Word lens is an app for iPhone which is meant to translate words immediately as you scan your iPhone over the problematic word or words. The app uses the iPhone’s camera to read the word, and while the app itself is free, the translation features at the moment only include Spanish to English and vice versa, and each translated set will cost you $4.99.
The app comes with a demo to show you how it works. The demo takes English words, and immediately reverses them, accurately and fast. The translation mode however is equally fast, but its accuracy was hard to measure because of the tendency of the app to jump between possible translations of the words as it struggled to read the text.
Google is on the verge of introducing internet surfing directly from television sets, only not just yet. Google Inc. has requested that some manufacturers delay the planned launch of these TV sets which are based on their company’s software, until they do some tweaking on said software.
The Wall Street Journal reported the delay, quoting people who are knowledgeable about Google’s plans. According to the report, Google sent out word to a portion, but not all, of the hardware manufacturers not to announce the release of any new products yet, allowing them to make some necessary improvements in the software.
Despite this announcement Samsung Electronics Co Ltd will not be delaying release of their version of the Google TV at the Consumer Electronics Trade Show scheduled for early January in Las Vegas, Nevada.
In response to slower than expected growth, Yahoo Incorporated is planning on firing between 600-700 workers this holiday season. The official announcement is expected soon, and the first layoffs could come as soon as this week, according to a person who wishes to remain anonymous.
The layoffs represent about 5% of the total workforce of 14,100 employees, and will be the fourth large layoff event in the past three years.
The two most recent shake-ups occurred under the watch of Yahoo’s current CEO Carol Bartz. Ms. Bartz is a veteran of the Silicon Valley world who has been onboard at Yahoo for the past two years.
The newest trimming of the workforce is most probably going to be concentrated in the U.S. products group. This group has already been having tune-up ever since Bartz hired Blake Irving, a former exec at Microsoft, to run the division about half a year ago.
Planetariums are a beloved tradition for family outings which are not only highly educational, but usually a lot of fun as well. But considering the incredible progress society has made in the technology of communications in the past 50 years or so, it seems strange that the technology almost every planetarium uses to display the heavens to observers has not changed in any significant ways since its first introduction in 1923, and that is the ‘star ball.’
Now there is a way of supplementing star balls with digital projectors and software, bringing the beauty of the entire universe into the dome shaped screen, the main even at the planetarium in a new and wonderful way.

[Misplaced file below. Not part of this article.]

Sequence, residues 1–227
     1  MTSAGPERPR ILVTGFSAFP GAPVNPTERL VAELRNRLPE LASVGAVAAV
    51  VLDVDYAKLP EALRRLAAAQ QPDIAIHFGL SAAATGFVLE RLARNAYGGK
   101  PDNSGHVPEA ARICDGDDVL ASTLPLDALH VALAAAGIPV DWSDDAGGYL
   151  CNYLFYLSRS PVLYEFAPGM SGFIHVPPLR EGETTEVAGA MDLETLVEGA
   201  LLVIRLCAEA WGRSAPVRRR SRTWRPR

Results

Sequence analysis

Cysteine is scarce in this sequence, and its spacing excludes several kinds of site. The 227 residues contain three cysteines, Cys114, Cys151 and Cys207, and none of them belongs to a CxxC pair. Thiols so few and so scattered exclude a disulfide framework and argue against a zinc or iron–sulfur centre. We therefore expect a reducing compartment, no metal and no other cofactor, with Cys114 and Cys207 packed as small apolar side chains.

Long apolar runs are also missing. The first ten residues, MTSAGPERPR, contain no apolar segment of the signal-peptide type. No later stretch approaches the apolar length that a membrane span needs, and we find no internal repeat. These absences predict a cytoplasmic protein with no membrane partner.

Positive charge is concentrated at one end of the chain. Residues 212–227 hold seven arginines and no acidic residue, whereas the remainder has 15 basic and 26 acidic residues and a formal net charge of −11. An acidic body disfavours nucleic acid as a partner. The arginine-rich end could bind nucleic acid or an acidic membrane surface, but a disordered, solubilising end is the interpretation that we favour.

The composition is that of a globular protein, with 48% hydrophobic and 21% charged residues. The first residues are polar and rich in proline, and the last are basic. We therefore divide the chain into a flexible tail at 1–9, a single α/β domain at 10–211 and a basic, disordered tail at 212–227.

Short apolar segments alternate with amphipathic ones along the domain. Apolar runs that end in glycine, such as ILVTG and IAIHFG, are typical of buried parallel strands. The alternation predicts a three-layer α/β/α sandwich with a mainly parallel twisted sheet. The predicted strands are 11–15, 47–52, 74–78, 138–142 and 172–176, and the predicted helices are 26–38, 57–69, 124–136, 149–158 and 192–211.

The inexpensive change, estimated to cost about $38,000, would create a ‘rich and truly interactive experience’ to visitors. The technology is a team project of the University of Washington and Microsoft, and will bring to planetariums all over the U.S. a WorldWide Telescope, foru Sharp XV-Z15000 digital light processing projectors (DLP); a Navitar Screenstar conversion lens; an Nvidia GTX275 video card; and all the cables, switches and seven computers all running Windows 7 with 1TB hard drives and 6GB RAM.
“Planetariums with image resolution of a few million pixels typically cost several hundred thousand dollars,” said Andrew Connolly, team member and University of Washington associate professor of astronomy.
“Our system is about 8 million pixels, but at a fraction of the cost,” he said.
“Their cost is much less than most commercially available systems,” Mark Sonntag, director of the
Angelo State University (ASU) Planetarium.
Arlington locals may soon be able to text 911 in order to receive emergency help. Yesterday, public safety leaders held a press conference with FCC Chairman Julius Genachowski to discuss possible changes in 911 services.
Genachowski pointed out that 70% of 911 calls now come from mobile phones, and explained that “the current 911 system is efficient and reliable…but it doesn’t support tomorrows communications tools. With today’s advances in commercial mobile broadband technologies, consumers are texting and sending pictures more through their phones. But right now, you can’t text 911. It’s time to bring 911 into the digital age.” He used the shootings at Virginia Tech in 2007 as an example of why this is a good idea. He explained that frantic students and witnesses has attempted to text 911 during the emergency, but their messages never went through. Genachowski added that the systems can help in other situations as well. He explained that new-generation 911 options would enable a witness to send a photo of a car leaving after an armed robbery, or allow a deaf person to communicate with an emergency call center without difficulty. Automatic equipment like highway cameras or personal medical devices would be programmed to text 911 during emergencies.
Currently, no countries are implementing these ideas. The development and utilization of the system will demand a lot of effort and cooperation. The new system will also require an increase in staff at emergency call centers.